I like touring. I tour a lot. If you’re like me you may have experienced something that people who take their bike on short excursions might not notice. The gear you need to take on a long trip is, more often than not, heavy and cumbersome. I tried using panniers, the twin bags that fit on either side of your back wheel. While they seem ok for short trips I found two problems with them when I toured. First, you need to load them equally or it can throw off the balance of your bicycle. I don’t like that. To me, a balanced bicycle is easier to pedal and makes for a more pleasant ride. I think it tires you out more too, which can be unsafe. After all, you need to be alert even if you aren’t in the city. Second, the panniers slow you down. Again, that’s not a big deal if you are doing short tripping i.e. to work, in a park etc. However, if you are touring at higher speeds, panniers act like sails in the wind. A normal rider will average 1.5mph faster without them. You can cover a lot more distance over a day at that increased speed. Imagine how many more miles you can cover when doing a multi-week tour. As an added bonus it is easier on your muscles when you don’t have so much wind drag.

 

The picture below shows the kind of panniers that are great for city biking but can slow you down dramatically on long tours.

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So, what’s the solution? I’m glad you asked!

 

I came up with an interesting remedy to the problem. I carry my stuff behind my back to minimize wind resistance. 

 

To speed up my riding and still carry all my stuff, I bought a small camping grill that I found on amazon for about $11. 

 

I put the grill over my existing bike rack and fastened it down with bungee cords. Zip ties would be a better fastener if you have them.

 

It made a super-duper platform rack.

gill-rack.jpg

All you need to follow suit with this cool way to store your travel gear is a solid frame mounted rear rack and a pack in which to put your stuff.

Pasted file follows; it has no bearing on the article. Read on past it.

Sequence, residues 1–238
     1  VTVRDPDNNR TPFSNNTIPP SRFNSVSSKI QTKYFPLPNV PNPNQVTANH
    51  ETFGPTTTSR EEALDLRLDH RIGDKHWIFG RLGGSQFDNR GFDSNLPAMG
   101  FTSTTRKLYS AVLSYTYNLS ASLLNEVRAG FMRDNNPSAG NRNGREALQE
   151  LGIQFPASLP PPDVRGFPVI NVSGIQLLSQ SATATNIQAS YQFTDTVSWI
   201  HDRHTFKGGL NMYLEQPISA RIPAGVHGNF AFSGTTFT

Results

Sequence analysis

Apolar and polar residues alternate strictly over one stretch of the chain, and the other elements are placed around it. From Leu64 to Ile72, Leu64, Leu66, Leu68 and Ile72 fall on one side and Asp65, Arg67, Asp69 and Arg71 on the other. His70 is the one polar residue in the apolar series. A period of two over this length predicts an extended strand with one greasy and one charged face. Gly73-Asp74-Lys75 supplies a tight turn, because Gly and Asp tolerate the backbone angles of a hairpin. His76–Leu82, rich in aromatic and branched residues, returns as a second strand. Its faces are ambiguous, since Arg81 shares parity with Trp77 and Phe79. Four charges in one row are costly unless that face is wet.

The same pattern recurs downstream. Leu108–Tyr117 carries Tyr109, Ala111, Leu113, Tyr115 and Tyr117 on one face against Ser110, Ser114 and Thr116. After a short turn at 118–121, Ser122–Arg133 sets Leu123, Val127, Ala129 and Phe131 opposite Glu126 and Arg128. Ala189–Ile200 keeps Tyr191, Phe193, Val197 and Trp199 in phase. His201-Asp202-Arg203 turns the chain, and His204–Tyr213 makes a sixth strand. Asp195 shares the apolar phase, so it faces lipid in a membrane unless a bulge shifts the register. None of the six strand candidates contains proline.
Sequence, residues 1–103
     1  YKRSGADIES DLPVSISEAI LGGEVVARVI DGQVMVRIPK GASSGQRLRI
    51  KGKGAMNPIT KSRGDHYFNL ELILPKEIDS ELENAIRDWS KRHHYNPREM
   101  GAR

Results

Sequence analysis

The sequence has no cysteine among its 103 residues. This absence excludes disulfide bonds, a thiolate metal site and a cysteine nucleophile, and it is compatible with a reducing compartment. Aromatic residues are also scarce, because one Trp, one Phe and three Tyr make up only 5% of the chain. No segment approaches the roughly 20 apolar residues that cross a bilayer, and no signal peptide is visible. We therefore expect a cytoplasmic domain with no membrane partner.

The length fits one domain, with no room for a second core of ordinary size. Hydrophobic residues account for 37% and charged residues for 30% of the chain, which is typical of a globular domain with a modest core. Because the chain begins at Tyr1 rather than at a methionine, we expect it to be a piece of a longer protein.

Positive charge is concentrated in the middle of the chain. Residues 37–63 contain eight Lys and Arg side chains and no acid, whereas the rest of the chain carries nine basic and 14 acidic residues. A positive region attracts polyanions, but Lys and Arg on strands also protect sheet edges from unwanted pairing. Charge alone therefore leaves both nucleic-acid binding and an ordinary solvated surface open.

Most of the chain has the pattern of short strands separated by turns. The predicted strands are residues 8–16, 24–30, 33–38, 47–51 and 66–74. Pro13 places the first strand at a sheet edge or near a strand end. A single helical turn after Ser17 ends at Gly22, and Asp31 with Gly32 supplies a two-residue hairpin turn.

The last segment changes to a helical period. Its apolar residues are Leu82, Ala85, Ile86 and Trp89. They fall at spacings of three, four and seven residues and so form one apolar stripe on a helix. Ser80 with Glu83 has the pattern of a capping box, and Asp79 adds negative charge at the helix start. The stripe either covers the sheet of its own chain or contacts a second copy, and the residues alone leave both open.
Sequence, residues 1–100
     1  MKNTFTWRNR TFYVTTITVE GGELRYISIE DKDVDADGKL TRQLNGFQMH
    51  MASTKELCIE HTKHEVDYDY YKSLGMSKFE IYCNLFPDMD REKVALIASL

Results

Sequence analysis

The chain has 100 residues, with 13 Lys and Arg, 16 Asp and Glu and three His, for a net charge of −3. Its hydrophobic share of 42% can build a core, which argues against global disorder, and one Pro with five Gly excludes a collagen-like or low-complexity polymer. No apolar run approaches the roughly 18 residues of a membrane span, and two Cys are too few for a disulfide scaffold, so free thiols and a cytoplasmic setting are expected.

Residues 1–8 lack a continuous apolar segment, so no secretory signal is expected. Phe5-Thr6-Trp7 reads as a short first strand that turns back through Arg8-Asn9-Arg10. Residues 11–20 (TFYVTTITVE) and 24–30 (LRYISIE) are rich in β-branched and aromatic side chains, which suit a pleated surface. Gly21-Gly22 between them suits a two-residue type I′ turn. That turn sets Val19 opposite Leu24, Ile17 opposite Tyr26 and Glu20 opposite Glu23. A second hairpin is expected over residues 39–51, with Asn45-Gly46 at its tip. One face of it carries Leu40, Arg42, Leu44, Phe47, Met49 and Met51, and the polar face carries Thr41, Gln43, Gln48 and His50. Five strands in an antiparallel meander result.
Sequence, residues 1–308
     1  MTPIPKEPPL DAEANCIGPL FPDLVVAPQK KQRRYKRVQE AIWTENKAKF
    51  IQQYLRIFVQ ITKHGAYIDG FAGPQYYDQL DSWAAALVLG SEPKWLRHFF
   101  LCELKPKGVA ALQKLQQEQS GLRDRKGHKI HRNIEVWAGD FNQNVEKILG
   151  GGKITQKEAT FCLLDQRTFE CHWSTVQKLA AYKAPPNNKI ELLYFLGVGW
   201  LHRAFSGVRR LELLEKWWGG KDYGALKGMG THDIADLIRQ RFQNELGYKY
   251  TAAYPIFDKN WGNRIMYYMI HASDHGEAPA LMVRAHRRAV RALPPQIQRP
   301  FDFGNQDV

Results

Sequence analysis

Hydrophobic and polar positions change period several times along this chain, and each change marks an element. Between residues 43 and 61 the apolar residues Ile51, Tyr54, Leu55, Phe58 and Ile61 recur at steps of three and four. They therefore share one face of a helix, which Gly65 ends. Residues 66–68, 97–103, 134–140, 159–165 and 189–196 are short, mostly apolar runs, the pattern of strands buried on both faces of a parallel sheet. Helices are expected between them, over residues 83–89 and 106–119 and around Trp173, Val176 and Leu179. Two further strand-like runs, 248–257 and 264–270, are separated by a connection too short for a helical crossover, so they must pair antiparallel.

Using this inexpensive rack assembly and bungee cords I was able to attach all my supplies - sleeping bag, sleeping mat, mosquito net, camping stove etc. - behind my body. This greatly minimized wind resistance, and, like I said, I was able to bike about 1.5mph faster than with panniers, which is a huge advantage on a long tour.

 

If you have any ideas of how to makes multi-week tours faster or easier, let me know and I’ll pass along the good ones. 

Happy biking! 

 

I like touring. I tour a lot. If you’re like me you may have experienced something that people who take their bike on short excursions might not notice. The gear you need to take on a long trip is, more often than not, heavy and cumbersome. I tried using panniers, the twin bags that fit on either side of your back wheel. While they seem ok for short trips I found two problems with them when I toured. First, you need to load them equally or it can throw off the balance of your bicycle. I don’t like that. To me, a balanced bicycle is easier to pedal and makes for a more pleasant ride. I think it tires you out more too, which can be unsafe. After all, you need to be alert even if you aren’t in the city. Second, the panniers slow you down. Again, that’s not a big deal if you are doing short tripping i.e. to work, in a park etc. However, if you are touring at higher speeds, panniers act like sails in the wind. A normal rider will average 1.5mph faster without them. You can cover a lot more distance over a day at that increased speed. Imagine how many more miles you can cover when doing a multi-week tour. As an added bonus it is easier on your muscles when you don’t have so much wind drag.

The picture below shows the kind of panniers that are great for city biking but can slow you down dramatically on long tours.